But I am rediscovering a new way of writing. Its not a carefully edited (read: censored) image that I present, as is possible via web, but a rediscovery of myself as my words often surprise me. I’m not very true, because I have re-written almost all my letters, and have gone back and erased, edited etc. I wonder, did letter-writers share that anxiety? (before there was the option of email?.)

I’ll just end, with three cheers for the inked word.

From The Atlantic’s food blog:

“The temperature at which we eat a chocolate has a big impact on how we experience it. In hindsight of course this totally makes sense. I’ve been saying the same thing incessantly about good cheese and cured ham, etc. for decades. Eat ’em straight from the fridge and you miss at least half the flavor.”

I used to eat a lot more dark chocolate in London. Whether it was digestive cookies half-covered with chocolate or my weekly stock of the limited edition Peruvian square. Unfortunately, neither of them are available to me and I haven’t had the time to explore quality brands of dark chocolate available in New York.

I did though visit a place called the Chocolate bar, like a month ago, and tried a raspberry hot chocolate. (yes, that’s raaaaaaas-berry.) Tremendously good, just like the hot chocolate at the German strudel bar we went to in Bath, actually. (Its from a photo at the bar from which this blog’s header was created.) But I run into the problem, again, that the richness is just overpowering…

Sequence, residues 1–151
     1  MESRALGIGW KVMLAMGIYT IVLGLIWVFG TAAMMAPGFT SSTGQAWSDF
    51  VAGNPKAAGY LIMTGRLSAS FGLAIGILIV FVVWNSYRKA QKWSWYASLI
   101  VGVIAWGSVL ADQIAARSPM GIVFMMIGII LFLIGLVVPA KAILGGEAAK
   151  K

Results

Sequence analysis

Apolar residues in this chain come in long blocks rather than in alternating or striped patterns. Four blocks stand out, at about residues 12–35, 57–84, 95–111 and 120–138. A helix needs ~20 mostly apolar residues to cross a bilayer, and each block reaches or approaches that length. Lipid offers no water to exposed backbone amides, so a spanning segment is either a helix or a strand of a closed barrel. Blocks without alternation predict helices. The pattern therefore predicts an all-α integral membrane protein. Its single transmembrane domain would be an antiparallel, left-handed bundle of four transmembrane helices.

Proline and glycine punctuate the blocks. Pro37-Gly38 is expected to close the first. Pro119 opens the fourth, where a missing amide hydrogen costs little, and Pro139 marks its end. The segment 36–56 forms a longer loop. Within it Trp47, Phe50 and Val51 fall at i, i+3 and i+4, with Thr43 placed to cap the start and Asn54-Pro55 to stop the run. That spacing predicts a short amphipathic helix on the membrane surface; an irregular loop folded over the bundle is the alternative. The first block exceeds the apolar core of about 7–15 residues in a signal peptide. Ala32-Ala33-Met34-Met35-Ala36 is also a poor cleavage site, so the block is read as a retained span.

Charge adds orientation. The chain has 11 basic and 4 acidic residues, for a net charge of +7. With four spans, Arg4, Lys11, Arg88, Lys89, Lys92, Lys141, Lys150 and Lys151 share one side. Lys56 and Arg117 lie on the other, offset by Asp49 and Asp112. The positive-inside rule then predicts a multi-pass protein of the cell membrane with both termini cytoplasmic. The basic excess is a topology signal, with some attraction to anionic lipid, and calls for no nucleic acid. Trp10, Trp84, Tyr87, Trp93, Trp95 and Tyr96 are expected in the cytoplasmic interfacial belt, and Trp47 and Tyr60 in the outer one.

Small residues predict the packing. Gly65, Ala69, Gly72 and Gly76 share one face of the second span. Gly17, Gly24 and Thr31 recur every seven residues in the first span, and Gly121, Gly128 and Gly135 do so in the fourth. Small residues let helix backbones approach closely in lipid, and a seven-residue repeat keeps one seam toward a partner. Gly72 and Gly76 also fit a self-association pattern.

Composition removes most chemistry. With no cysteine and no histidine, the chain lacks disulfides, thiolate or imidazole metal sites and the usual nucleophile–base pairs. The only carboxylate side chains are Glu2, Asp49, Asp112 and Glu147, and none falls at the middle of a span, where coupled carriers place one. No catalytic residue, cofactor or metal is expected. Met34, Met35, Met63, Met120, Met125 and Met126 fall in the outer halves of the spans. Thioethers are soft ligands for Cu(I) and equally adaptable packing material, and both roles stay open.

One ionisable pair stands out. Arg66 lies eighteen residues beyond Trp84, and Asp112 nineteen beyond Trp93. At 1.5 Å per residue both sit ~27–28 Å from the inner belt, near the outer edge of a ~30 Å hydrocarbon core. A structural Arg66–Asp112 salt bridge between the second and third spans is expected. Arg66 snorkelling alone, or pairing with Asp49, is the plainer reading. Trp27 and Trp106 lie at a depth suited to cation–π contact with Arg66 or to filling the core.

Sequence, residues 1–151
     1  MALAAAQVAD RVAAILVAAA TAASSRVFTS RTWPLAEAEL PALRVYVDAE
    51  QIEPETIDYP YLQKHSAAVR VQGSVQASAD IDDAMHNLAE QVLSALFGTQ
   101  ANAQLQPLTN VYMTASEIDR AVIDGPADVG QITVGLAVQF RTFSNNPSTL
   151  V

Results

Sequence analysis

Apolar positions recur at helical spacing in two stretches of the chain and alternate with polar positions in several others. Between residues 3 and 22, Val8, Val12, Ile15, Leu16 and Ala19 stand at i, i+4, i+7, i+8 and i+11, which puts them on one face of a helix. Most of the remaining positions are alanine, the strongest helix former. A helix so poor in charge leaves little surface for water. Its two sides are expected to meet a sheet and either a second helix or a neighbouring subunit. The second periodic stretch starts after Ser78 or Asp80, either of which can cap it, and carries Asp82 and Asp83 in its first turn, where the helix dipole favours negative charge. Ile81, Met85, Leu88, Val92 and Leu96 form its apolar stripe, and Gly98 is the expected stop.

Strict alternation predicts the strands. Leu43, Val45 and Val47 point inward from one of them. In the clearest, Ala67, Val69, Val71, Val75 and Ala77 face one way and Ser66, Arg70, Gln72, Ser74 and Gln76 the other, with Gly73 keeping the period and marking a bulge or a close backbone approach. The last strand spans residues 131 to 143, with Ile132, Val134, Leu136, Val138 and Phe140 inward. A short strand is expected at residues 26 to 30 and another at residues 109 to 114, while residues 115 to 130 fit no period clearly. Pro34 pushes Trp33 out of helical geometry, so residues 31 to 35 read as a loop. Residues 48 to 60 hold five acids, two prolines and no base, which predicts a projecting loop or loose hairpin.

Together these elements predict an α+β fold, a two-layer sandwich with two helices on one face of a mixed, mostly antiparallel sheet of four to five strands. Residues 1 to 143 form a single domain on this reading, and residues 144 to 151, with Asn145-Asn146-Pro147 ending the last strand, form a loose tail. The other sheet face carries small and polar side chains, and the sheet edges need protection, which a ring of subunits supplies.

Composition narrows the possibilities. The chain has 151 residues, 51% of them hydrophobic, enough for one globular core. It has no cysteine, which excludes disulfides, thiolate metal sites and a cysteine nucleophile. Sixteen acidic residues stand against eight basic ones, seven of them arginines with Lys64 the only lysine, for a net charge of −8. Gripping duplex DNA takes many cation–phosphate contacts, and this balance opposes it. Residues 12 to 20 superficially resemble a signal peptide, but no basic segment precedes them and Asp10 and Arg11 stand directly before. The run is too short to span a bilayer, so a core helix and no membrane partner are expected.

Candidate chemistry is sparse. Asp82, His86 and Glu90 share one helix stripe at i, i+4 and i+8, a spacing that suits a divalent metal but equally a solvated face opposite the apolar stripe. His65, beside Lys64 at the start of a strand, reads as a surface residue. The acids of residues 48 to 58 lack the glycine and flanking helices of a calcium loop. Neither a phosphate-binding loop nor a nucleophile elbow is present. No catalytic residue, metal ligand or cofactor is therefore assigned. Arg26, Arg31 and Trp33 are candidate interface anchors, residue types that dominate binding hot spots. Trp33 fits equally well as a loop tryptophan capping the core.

Anyways, also 2 ounces of dark chocolate a day can help lower blood pressure. Maybe that explains why mine is so low…

Oh, and the antioxidants make you happier. So I need to find those bars again. Or whole-wheat, chocolate covered digestives, mmm.

My darling readers, I have to admit something. We’re not exclusive. I’m having an affair with another blog. But it’s like my trophy wife (or husband?) – a public affair for the rest of the world to admire or chastise. Only does this blog hold my heart and soul. But I wanted to introduce you to my other love over at CNN Money. I admit, it’s taken me away a little bit, but I can be faithful  to two blogs at once, just you watch.

“But there are several humps to overcome before camel milk is widely available in the U.S. For starters, there aren’t many camels here. Those that are mainly work in circuses or live in zoos,” from Wall Street Journal.

Another problem, according to the WSJ, is that Camels are temperamental. “Camels can be cantankerous and persuading them to give up their milk can be part chore, part art. Camel experts say the animals are often ticklish around their udders and, without proper training, might lie down in the middle of being milked.” Camel

This article in the New York Times about a new type of magazine publishing scheme where anyone can publish an article and print it out themselves is the opposite extreme of how magazines currently operate. My first instinct is to drop everything in support of it, but such an extreme reaction is useless. No, let me mull it over for a bit. But in the mean time, read it for yourself.